Case Study : ' The Hobbit '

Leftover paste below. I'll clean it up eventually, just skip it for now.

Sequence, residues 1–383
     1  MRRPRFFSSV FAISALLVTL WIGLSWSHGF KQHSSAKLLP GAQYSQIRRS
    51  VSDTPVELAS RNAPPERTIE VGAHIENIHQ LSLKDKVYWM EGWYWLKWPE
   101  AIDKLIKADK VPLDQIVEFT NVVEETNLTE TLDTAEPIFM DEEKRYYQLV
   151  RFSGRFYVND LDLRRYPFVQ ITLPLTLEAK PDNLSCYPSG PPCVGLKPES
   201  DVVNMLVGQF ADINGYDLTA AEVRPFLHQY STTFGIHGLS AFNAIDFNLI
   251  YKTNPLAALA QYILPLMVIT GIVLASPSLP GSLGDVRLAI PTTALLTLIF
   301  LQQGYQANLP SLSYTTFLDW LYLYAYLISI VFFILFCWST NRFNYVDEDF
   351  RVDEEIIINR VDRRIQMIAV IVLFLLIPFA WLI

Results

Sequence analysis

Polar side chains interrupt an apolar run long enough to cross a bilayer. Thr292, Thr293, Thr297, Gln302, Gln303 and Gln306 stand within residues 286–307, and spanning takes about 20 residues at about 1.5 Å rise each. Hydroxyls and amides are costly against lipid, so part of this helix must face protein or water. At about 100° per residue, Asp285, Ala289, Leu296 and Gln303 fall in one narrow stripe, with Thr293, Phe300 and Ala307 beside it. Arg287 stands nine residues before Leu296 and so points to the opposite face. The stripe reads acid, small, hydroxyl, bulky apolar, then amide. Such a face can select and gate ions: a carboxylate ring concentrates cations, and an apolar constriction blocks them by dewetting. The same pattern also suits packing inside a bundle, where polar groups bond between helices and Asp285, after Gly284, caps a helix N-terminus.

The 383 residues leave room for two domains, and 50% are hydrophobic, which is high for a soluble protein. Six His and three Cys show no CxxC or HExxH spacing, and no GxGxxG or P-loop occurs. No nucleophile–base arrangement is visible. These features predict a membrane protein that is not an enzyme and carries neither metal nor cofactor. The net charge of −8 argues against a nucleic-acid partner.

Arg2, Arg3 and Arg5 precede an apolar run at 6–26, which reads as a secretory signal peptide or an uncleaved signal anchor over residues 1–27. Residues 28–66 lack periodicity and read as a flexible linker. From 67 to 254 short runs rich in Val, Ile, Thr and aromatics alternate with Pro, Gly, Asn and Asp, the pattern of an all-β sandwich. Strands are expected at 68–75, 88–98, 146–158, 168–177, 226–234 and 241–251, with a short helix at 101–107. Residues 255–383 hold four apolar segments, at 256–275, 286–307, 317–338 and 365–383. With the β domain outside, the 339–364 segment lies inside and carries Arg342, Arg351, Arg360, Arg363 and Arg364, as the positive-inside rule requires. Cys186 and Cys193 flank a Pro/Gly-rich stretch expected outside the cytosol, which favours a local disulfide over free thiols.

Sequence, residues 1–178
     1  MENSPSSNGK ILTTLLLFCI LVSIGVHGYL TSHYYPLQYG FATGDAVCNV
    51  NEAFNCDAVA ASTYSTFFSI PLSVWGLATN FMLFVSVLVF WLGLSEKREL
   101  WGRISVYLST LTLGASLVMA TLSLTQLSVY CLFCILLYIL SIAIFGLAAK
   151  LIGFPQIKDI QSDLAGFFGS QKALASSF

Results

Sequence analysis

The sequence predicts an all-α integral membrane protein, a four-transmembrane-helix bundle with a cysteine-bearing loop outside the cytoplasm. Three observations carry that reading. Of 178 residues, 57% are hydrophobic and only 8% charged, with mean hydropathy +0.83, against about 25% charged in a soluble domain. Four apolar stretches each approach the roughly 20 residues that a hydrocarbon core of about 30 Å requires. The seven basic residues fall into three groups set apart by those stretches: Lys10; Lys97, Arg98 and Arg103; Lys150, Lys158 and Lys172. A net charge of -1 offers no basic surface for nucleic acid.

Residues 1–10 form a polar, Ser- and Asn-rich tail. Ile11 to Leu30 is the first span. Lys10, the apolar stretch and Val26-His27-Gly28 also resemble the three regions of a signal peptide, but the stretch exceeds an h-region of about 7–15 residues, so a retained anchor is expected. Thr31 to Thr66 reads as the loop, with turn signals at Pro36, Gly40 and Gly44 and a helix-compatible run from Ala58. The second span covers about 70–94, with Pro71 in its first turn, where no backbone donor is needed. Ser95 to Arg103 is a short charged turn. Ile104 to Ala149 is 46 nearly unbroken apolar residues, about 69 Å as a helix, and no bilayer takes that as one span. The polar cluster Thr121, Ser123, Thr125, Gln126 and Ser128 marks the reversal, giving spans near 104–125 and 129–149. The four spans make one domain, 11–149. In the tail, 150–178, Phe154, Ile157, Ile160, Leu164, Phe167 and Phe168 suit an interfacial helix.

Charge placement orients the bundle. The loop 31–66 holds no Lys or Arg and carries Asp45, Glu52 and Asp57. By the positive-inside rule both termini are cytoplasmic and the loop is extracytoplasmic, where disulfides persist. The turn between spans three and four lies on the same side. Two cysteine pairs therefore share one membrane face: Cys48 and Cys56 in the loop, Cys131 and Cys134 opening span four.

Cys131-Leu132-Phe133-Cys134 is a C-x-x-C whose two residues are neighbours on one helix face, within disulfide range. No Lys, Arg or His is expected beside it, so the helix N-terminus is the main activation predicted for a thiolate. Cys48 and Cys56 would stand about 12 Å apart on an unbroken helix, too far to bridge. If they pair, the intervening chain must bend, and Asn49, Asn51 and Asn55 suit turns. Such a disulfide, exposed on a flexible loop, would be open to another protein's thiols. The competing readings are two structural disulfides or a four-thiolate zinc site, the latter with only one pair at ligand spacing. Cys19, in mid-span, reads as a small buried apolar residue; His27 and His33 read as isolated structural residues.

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live near him.” ― Gandalf, The Hobbit do not ignore that with which you compete, or that which can devalue your company, especially if in the same market. Nestlé began with the merger, in 1905, of two rival milk companies, the Anglo-Swiss Condensed Milk Company (established 1866) and Société Farine Lactée, (established 1867) by Henri Nestlé (Nestle, 2015). Headquartered in Vevey, Switzerland, the new company’s growth was precipitous; mergers, global expansion and new products energised its progress. Within a few years of the start of the 20th Century it had manufacturing plants or warehousing facilities in several countries, including the United States, the UK, Australia, Singapore, Hong Kong, Bombay and Brazil (Bell and Shelman, 2009). Since then the company has continued to flourish; mergers and acquisitions, global investment and product innovation have seen Nestlé position itself as a “global leader in Nutrition, Health and Wellness” (Nestlé, 2015) and, according to Forbes (2016), it is the largest company within the food industry and the 33rd ranked company on the Global 2000 (Forbes, 2016). Whilst renowned for chocolate, it did not become a global leader on the strength of one product. Its portfolio includes, baby food, beverages, frozen food, prepared dishes and healthcare nutrition. Food and beverages in particular have been prevalent in the aggrandizement of the corporation. Through successful innovation strategies and a number of mergers and
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